The Flight of the Earls
Uploaded by Kerrytom on Aug 11, 2012
In 1607 an event occurred in Ulster commonly known as the ‘The Flight of the Earls’ which has gone down as a monumental occurrence in Irish history. This was the fleeing of Hugh O’Neill, second Earl of Tyrone, and Rory O’Donnell, Earl of Tyrconnell and Cuconnaught Maguire, Lord of Fermanagh, from the lands they held or used to hold in Ulster. Many have argued that this left the way clear for the plantation of Ulster by the British, and the driving out of Catholic Irish from Ulster lands, where they had always been dominant over the Protestants.
The causes of why this fleeing occurred has been argued and contested by many historians over the years, with many conflicting views on why it happened. A shroud of mystery surrounds it, with definitive answers almost impossible to achieve. However there is some reasonable explanation to be drawn by looking at the events directly preceding the flight to Europe.
To tackle this question of the causes of the exit of the Earls from Ulster, it is necessary to look at O’Donnell’s and O’Neill’s situation in Ulster after the end of the nine years war. They were treated very leniently by King George retaining their lands and receiving full pardons, however they now had to swear loyalty to the crown, lost control over their dependants and also lost their Irish titles. “O’Neill and O’Donnell- Earls of Tyrone and Tyrconnell- were allowed to return to their lands and live among their people.” In the aftermath the situation of both men in Ulster began to change.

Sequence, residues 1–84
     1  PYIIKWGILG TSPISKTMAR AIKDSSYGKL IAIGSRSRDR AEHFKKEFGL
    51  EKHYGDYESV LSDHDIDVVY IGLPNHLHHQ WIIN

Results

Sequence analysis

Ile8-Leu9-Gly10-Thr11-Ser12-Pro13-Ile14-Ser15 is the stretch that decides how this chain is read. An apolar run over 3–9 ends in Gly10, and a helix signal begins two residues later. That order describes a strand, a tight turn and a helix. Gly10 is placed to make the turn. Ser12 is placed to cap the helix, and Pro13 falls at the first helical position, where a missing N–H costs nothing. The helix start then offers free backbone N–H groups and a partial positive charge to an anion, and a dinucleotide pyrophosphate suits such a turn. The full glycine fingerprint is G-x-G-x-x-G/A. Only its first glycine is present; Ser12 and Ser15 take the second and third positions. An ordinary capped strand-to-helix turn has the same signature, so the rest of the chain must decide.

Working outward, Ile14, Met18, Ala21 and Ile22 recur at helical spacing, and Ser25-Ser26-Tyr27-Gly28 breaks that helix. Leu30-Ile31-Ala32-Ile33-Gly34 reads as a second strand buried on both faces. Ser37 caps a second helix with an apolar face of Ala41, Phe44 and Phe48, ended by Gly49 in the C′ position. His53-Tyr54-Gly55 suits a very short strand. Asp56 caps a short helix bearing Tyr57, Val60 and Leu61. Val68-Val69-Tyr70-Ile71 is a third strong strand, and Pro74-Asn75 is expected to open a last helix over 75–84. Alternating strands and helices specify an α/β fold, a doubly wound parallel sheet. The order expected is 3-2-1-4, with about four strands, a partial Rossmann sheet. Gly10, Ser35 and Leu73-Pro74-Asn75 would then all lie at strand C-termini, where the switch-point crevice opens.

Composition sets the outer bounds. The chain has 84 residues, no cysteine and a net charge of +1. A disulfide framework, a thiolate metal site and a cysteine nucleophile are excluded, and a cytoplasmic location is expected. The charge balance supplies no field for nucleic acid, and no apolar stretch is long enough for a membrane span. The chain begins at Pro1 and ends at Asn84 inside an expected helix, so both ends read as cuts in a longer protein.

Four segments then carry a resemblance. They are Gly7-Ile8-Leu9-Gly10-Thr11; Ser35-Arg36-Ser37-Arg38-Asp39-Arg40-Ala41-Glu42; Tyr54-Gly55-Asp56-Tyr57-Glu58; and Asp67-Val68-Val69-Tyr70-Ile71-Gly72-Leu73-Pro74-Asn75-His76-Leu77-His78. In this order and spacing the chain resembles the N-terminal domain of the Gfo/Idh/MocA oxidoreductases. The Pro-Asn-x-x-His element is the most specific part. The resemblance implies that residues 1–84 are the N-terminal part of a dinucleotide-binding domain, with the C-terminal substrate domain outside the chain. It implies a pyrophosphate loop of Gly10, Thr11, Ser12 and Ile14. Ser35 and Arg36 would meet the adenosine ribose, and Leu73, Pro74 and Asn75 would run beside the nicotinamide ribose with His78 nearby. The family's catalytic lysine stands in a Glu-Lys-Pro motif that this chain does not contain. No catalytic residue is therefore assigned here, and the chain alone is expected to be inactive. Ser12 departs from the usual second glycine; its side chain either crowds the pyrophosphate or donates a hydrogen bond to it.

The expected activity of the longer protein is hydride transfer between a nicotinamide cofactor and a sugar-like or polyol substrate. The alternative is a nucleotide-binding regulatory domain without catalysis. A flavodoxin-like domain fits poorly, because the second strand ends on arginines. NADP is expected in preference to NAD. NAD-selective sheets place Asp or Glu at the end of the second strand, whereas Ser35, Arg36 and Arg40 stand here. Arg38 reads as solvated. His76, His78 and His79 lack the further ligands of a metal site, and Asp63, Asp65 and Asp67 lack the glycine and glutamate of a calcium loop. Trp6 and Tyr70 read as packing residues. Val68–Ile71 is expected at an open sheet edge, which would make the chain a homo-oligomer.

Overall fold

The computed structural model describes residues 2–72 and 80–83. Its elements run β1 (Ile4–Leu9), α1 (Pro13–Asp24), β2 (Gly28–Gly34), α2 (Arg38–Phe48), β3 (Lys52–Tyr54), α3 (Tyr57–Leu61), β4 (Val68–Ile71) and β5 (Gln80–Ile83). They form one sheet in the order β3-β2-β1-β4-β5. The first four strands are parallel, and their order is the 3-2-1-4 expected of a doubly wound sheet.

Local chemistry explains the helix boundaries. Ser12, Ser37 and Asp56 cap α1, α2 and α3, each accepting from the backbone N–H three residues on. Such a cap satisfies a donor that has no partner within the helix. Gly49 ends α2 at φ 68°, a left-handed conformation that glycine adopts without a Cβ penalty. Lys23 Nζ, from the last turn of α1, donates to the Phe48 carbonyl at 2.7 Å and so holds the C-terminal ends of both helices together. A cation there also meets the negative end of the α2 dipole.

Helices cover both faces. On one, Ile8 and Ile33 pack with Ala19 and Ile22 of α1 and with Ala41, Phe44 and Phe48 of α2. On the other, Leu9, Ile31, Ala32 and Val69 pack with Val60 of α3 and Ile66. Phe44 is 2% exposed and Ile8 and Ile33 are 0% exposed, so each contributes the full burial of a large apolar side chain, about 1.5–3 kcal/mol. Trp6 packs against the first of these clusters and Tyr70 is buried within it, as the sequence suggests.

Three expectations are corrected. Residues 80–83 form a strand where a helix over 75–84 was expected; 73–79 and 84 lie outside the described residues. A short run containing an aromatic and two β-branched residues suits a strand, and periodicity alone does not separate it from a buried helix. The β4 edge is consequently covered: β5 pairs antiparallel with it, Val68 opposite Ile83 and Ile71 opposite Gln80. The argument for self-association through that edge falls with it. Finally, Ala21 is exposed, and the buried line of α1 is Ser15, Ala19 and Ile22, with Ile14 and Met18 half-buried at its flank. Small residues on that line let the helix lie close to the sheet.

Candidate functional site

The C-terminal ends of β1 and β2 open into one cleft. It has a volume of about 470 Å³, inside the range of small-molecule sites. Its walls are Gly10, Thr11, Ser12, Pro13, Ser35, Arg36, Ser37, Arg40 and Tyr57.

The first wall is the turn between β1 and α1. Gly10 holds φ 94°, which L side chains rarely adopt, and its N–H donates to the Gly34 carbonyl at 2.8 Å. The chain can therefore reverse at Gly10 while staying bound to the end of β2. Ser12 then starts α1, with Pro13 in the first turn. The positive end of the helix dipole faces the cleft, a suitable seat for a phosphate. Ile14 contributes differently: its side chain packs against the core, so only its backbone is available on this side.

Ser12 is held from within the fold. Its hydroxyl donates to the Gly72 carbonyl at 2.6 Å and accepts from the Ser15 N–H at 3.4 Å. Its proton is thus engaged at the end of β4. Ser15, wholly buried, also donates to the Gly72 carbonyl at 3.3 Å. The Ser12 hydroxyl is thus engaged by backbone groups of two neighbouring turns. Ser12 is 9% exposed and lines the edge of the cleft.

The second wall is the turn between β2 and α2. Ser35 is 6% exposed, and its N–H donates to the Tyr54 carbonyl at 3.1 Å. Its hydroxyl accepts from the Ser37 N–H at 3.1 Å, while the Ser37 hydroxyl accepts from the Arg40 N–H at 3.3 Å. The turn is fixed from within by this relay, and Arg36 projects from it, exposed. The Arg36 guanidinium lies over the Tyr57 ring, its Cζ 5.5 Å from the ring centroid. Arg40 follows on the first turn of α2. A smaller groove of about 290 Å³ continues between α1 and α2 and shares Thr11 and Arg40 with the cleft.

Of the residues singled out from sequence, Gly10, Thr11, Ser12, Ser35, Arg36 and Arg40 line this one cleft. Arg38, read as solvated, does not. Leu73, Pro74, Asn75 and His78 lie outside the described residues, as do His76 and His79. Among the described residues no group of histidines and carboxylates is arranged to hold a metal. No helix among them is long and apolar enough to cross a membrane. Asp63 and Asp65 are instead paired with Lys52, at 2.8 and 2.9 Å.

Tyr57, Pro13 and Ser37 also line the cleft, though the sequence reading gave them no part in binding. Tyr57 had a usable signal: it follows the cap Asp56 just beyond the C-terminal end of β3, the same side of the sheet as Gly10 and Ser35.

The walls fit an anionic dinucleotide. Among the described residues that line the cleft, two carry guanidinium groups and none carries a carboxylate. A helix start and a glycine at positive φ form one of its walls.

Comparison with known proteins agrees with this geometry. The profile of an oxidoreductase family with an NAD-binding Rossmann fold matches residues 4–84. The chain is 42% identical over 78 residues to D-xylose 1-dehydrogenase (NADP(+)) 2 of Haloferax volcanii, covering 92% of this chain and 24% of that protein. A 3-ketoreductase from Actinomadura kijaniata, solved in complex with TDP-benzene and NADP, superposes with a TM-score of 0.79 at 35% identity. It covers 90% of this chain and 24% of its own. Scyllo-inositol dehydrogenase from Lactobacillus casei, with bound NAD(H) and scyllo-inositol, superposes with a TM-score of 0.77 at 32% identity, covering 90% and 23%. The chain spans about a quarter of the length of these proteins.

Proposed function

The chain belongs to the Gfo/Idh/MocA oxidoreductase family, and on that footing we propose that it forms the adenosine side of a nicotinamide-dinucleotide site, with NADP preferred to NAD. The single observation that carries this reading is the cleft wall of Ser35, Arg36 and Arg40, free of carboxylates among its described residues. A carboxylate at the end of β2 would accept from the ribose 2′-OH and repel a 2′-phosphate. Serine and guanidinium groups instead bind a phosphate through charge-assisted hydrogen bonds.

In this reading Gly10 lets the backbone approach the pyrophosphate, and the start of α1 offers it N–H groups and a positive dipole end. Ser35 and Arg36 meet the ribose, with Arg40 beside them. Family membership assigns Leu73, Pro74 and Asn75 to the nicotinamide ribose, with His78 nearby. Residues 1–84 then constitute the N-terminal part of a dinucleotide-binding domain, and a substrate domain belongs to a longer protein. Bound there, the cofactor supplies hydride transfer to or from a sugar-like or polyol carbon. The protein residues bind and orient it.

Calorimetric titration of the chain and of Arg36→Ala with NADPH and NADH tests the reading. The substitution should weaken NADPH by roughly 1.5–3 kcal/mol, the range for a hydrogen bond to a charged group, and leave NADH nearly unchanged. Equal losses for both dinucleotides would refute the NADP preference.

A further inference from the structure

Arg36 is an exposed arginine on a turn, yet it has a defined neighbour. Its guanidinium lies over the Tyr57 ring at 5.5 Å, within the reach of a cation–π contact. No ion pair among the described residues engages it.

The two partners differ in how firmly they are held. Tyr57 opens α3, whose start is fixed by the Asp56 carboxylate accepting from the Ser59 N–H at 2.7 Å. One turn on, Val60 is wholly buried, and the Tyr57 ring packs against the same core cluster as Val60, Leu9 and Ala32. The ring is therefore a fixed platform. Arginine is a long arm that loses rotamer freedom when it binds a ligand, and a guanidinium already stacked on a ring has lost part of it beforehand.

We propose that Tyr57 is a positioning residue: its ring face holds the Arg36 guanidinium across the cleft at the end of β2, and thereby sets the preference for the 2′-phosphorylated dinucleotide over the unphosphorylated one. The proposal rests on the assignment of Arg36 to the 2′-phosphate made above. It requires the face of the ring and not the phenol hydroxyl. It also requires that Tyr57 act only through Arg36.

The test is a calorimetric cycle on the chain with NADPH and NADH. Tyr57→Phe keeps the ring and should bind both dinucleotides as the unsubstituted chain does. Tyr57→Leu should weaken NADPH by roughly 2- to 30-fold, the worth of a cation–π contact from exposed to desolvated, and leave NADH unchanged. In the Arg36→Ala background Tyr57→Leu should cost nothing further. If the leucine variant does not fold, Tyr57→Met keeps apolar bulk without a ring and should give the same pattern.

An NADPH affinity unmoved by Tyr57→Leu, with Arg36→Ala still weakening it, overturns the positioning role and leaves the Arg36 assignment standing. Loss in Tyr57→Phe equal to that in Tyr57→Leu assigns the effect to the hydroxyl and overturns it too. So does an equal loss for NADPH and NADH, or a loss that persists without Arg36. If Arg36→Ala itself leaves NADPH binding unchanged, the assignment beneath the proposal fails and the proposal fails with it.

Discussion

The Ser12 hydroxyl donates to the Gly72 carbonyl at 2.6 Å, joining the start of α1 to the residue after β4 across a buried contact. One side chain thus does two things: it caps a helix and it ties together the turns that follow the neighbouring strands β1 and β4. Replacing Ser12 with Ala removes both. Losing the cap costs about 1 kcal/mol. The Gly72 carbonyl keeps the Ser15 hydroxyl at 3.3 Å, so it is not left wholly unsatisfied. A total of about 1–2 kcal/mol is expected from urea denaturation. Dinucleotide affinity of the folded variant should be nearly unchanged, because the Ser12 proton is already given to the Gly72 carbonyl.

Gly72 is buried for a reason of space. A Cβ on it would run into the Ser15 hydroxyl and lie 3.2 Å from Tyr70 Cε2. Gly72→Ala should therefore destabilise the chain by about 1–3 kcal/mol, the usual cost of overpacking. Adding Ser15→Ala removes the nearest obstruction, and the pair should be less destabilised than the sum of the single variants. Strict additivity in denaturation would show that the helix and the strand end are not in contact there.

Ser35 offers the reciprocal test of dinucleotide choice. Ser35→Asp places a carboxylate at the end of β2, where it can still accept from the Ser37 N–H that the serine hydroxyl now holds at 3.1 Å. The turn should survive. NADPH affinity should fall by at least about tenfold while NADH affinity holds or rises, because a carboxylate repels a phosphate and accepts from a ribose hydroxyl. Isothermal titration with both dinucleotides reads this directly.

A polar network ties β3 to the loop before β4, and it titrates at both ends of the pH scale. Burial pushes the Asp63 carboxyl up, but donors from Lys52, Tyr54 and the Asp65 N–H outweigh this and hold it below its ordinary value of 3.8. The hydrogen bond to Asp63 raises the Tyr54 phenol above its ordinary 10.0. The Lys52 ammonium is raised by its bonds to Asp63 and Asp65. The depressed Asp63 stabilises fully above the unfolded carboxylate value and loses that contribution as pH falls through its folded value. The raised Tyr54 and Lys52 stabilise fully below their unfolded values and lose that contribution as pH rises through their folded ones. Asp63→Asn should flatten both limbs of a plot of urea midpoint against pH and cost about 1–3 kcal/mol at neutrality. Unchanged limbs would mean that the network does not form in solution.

O’Donnell was not as savvy with his dealings with the British after the war as O’Neill and because of this lost a lot of his land to new freeholders. This meant a big loss in terms of prestige and also in earnings. “Rory had striven to deprive the McSweeneys and O’Boyles of their traditional possessions in County Donegal, and the commissioners insisted that he rectify this injustice, and ‘name them to be freeholders of part thereof, reserving their ancient rents in certainty.’”
O’Neill however had outwitted the British commissioners, and was able to keep hold of his lands and power. “O’Neill outmanoeuvred the officials by appointing his supporters as freeholders in Tyrone.”
However when Lord Mountjoy, who O’Neill was on good terms with, was replaced as Lord Deputy by Lord Chichester, things became more troublesome for O’Neill. He sought...